Signs Of Co-occurring Disorders

Indications for co-occurring disorders will change depending on which mental health disorders are analyzed and treatment options. For example, if your loved one is battling substance abuse and schizophrenia, the symptoms of these problems will never be the same for a patient living with meth addiction and bipolar disorder. In general, people living with co-occurring disorders find that working daily has become a major problem – if at all possible.

Signs of Co-Occurring Disorders may include:

  • Sudden changes in general behavior
  • Difficulty managing daily tasks and responsibilities
  • Avoiding events or social activities that were once enjoyed
  • Neglecting health and hygiene
  • Delusional thinking or cognitive impairments
  • Refusal to seek or comply with treatment
  • Mentions of thoughts of suicide or suicidal behaviors
  • Erratic and impulsive behaviors
  • Issues managing finances
  • Poor performance at school or work

Common Co-occurring Disorders 

The misuse of prescription drugs and alcohol can be caused by underlying mental health concerns, including loneliness, and shame. Individuals abuse these substances to adapt to a broad variety of passions and activities, such as stress, blame, and humiliation. 

In some cases, a co-occurring disorder may appear at the same time as an addiction. In other cases, though, someone may develop a mental health condition either before or after their addiction starts. The relationship between mental illness and substance abuse is a complex one that can present various challenges during the recovery process.

To better understand the role that mental health plays in substance abuse and addiction, it’s essential to be familiar with specific examples of co-occurring disorders. Below are the most common mental conditions that are often diagnosed alongside a substance use disorder.

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The Connection Between Co-Occurring Addiction And Mental Health Disorders

What Is The Connection Between Co-Occurring Addiction And Mental Health Disorders?

There are recognized risk factors for the emergence of some mental illnesses. The use of drugs as a kind of self-medication by people with moderate, severe, or even subclinical mental problems is frequently suggested.


In many cases, people abuse substances to feel joy or pleasure, even if artificially, even if they need to become numb to their emotional pain. Depression is one of the most common mental illnesses across the globe, affecting millions of people worldwide. But substance-induced depression, also recognized as drug-induced happiness, also happens with alcohol and other drugs after the first elation has worn off. Substance abuse then increases, as the individual desires both euphoria and to avoid contradictory emotions. A bad series thus occurs where depression intensifies dependence and vice versa.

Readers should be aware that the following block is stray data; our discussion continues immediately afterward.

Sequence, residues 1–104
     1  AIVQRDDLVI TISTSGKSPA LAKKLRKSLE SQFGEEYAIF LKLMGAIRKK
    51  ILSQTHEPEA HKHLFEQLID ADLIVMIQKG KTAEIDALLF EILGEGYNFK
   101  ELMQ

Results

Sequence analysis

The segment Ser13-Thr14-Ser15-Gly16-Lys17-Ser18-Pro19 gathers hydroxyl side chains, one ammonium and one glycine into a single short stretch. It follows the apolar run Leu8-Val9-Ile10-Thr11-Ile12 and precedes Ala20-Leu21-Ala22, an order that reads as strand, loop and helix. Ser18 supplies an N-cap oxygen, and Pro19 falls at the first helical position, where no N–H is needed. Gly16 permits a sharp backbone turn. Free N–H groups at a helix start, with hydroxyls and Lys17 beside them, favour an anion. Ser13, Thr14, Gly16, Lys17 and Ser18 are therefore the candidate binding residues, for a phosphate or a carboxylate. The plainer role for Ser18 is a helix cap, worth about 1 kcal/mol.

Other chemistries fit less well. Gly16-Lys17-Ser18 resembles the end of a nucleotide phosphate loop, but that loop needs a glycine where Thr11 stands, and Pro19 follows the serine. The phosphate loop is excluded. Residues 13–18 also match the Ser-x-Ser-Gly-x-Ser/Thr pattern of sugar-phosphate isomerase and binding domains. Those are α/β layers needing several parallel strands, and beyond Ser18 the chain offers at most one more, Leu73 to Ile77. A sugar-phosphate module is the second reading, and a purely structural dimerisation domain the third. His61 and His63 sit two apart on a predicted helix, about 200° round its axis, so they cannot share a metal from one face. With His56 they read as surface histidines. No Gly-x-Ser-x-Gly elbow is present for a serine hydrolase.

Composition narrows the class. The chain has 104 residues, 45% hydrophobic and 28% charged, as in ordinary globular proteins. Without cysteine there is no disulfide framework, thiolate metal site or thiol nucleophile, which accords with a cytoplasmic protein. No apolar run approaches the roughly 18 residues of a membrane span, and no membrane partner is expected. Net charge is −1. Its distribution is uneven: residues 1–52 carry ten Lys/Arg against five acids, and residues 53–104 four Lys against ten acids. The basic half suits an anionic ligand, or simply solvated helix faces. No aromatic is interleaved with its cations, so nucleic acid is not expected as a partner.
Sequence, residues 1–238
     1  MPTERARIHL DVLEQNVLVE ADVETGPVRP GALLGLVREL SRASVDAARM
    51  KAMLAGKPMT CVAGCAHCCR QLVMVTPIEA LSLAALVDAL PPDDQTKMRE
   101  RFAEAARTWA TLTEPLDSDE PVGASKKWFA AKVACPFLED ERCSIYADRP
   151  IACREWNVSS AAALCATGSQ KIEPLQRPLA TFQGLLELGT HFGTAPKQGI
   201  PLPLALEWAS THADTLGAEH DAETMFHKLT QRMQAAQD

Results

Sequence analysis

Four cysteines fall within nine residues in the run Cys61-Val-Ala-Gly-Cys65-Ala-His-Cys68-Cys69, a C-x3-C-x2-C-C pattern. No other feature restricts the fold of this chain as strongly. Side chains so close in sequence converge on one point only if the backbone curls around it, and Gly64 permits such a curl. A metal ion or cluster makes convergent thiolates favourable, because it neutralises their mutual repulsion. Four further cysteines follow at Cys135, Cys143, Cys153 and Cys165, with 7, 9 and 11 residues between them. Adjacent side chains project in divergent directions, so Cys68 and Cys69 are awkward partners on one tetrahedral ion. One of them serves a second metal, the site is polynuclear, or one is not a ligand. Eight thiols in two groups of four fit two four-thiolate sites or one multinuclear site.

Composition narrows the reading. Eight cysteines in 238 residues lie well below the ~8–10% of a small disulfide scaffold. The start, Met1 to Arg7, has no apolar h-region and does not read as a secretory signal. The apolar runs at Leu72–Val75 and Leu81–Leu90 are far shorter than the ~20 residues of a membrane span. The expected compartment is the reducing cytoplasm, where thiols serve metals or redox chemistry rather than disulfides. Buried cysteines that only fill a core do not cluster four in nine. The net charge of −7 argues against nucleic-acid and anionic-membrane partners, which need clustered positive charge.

Many individuals who struggle with depression, especially people who have not been properly diagnosed, usually turn to alcohol to escape. Hopeless and desperate to feel better or anesthetize the pain, even for a small amount of time. Individuals who suffer from depression often use the numbing and pleasurable effects of alcohol for that purpose. Alcohol abuse is prevalent among people who suffer from depression. Drinking alcohol may increase depression, anxiety, and other mental health condition [3]. 


Many individuals with anxiety and mental illness turn to substance abuse for relief or to ease the burden every day. There are many types of anxiety and it is one of the most prevalent mental health disorders. In social situations, drinking can reduce anxiety, and prescription drugs can take away anxiety. As anxiety and mental illness sufferers consume substances to cope with their anxiety symptoms, their dependency on those substances increases, making them more vulnerable to addiction and making their anxiety worse.

The co-occurrence of alcohol and anxiety disorders is relatively common. The research found that 20% of those with social anxiety have an alcohol misuse problem. Alcohol is considered a CNS depressant, which slows down neural activity and brain functioning. Alcohol does this by enhancing the effects of the neurotransmitter gamma-aminobutyric acid (GABA). If someone consumes too much alcohol too fast, they can depress the central nervous system to the point of coma, respiratory failure, or death.

Co-Occurring Anxiety Disorder

Post-Traumatic Stress Disorder

Individuals with PTSD experience conditions such as traumatic brain injury (TBI) and PTSD more frequently than individuals who do not. Many veterans return from war with PTSD from their traumatizing combat experiences. The development of PTSD may be accompanied by psychological, physical, or sexual abuse. 

Many different symptoms may indicate post-traumatic stress disorder, such as flashbacks, intrusive thoughts, horrors, and hyper-vigilance. Additionally, prescription drugs and alcohol are temporary remedies for PTSD. The indications of PTSD may happen sooner, create more serious contradictory emotions, or interrupt sleep schedules. As PTSD symptoms can be debilitating, some victims lose control and abuse drugs or alcohol to cope.

When a person has posttraumatic stress disorder (PTSD), the symptoms can come and go. Specific PTSD triggers can set off your PTSD. They bring back strong memories. An individual may feel like they’re living through it all over again. Triggers can include sounds, sights, smells, or thoughts that remind the person of the traumatic event somehow.